Nassima Boutrig, who lives across from the building, said she was awakened by sirens and smoke so thick that it filled her home as well.
“We saw the people screaming,” she said. “A lot of people said, ‘Help! Help! Help!’ The fire brigade could only help downstairs. ... They couldn’t stop the fire.”
Resident Hamid Wahbi said that as he fled, he asked about a neighbor’s father but was told he was still inside.
“We tried to go back, but it was all black, so I had to come out of the building,” Wahbi added.
There was no immediate word on the cause of the blaze, but the Grenfell Action Group has been warning about the risk of fire at Grenfell Tower since 2013.
Edward Daffarn, who lived on the 16th floor, said the building’s fire alarm didn’t ring. He said residents had complained for years to Kensington and Chelsea Council about the building’s safety, to no avail.
“I’m lucky to be alive. A neighbor’s smoke alarm went off and another neighbor phoned and told me to get out,” Daffarn said. “I consider this mass murder.”
The Action Group expressed concern about the testing and maintenance of firefighting equipment and blocked emergency access to the site. In a Nov. 20 blog, the group predicted that only “a catastrophic event” leading to “serious loss of life” would bring the outside scrutiny needed to make conditions safe for residents.
“All our warnings fell on deaf ears and we predicted that a catastrophe like this was inevitable,” the group said after the fire broke out.
The Kensington and Chelsea Council, which oversees the area where the fire occurred, said in a statement its immediate focus was helping victims and their families. It said the cause of the blaze would be “fully investigated.”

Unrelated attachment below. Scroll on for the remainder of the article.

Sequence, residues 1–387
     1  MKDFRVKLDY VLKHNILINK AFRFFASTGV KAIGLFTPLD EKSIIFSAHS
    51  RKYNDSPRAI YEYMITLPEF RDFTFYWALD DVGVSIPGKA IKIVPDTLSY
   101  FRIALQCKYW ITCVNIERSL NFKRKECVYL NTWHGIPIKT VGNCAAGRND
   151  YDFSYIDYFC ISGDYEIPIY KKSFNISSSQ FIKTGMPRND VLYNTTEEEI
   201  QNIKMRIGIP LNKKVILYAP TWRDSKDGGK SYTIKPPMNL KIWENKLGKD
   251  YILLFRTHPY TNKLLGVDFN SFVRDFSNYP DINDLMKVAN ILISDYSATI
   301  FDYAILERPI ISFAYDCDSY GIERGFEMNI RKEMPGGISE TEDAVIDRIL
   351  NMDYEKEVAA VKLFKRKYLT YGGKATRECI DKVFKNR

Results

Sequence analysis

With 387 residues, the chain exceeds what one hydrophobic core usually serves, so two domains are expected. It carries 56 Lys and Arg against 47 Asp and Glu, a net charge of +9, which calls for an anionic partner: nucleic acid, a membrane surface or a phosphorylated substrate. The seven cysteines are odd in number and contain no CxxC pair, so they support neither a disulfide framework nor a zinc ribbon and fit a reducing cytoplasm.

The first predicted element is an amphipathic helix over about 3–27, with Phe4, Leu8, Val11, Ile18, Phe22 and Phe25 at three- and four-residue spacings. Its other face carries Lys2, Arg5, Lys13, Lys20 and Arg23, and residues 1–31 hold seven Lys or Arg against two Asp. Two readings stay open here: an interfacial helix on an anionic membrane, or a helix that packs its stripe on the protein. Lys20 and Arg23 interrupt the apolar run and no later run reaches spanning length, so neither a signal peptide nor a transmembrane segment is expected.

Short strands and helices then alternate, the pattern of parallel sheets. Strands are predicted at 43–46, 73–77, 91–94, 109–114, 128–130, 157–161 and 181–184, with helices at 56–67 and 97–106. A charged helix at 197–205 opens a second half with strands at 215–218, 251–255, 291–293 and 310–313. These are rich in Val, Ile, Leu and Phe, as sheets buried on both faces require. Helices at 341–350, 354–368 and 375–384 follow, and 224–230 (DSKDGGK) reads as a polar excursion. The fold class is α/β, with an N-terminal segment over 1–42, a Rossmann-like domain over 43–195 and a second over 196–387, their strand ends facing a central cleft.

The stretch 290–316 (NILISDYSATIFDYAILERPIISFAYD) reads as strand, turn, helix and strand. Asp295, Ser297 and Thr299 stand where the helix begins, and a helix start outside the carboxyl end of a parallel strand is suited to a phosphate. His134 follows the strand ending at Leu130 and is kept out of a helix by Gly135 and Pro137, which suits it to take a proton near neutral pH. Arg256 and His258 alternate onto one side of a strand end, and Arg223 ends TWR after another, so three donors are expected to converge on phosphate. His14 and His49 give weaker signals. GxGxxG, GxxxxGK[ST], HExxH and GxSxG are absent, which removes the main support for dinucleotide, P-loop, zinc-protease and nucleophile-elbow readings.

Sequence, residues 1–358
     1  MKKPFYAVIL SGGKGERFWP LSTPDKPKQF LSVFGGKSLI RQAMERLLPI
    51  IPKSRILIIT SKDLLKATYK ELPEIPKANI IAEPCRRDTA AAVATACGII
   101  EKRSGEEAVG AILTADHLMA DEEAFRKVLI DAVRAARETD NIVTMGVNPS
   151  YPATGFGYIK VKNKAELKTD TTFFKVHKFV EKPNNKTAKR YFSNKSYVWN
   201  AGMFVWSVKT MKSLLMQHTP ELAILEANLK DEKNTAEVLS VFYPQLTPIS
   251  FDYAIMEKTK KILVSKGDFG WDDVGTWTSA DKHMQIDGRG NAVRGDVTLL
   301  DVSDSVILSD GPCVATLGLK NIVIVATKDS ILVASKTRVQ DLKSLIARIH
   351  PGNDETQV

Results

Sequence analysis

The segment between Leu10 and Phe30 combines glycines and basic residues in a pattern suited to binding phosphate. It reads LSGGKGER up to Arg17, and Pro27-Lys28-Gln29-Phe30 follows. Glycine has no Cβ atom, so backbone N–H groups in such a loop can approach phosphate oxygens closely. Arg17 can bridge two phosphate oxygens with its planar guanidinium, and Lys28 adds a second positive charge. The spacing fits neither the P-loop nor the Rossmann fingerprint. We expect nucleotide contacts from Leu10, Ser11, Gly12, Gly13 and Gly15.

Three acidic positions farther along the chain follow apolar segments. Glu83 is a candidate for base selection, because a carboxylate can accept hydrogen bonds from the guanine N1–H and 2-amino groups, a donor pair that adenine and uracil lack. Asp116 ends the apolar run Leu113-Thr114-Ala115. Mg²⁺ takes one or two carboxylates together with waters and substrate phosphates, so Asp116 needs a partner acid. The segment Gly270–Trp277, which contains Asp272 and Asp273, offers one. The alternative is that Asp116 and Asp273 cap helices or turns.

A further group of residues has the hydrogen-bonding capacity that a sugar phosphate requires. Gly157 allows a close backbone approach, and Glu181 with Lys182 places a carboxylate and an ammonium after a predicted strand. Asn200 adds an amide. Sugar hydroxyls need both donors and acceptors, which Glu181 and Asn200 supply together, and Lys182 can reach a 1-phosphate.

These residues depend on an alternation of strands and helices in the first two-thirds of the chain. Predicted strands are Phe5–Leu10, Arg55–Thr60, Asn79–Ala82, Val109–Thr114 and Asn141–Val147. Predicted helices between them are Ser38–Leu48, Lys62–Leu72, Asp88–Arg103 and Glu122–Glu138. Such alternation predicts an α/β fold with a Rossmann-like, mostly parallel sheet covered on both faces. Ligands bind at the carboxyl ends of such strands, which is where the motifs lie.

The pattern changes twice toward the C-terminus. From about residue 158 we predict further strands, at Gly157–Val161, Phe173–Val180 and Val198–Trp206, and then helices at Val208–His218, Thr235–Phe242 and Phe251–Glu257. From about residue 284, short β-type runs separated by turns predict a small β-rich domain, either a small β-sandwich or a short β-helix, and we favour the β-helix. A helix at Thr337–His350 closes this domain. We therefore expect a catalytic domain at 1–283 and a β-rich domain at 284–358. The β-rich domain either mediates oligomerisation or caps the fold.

Built in the 1970s, the housing block was recently upgraded at a cost of 10 million pounds ($12.8 million), with work finishing in May 2016, according to the local council. Rydon, the British company that did the refurbishing, said in a statement that its work “met all required building control, fire regulation and health and safety standards.”
Britain’s government ordered checks at tower blocks going through similar refurbishment amid concerns that renovations at the Grenfell Tower contributed to the spread of the blaze. It was not immediately known if the building had a sprinkler system.
Authorities will “seek to identify towers that might have a similar process of refurbishment, run a system of checks so that we can, as quickly as possible, give reassurance to people,” said Policing and Fire Minister Nick Hurd.
The Grenfell tenants’ organization’s newsletter instructs residents to stay put in a fire unless the blaze is in their own apartment or in their hallway — the same guidance used in multistory hotels and other high-rise buildings. The organization’s July 2014 newsletter said Grenfell “was designed according to rigorous fire safety standards.”
Neighbors began helping survivors with clothing, food and water as well as offering shelter.
Churches and a nearby mosque served as gathering points for donations for those who raced out of the burning building with little else than what they were wearing. Social media sites joined the effort, with some Londoners offering a space on their sofas for those affected by the blaze.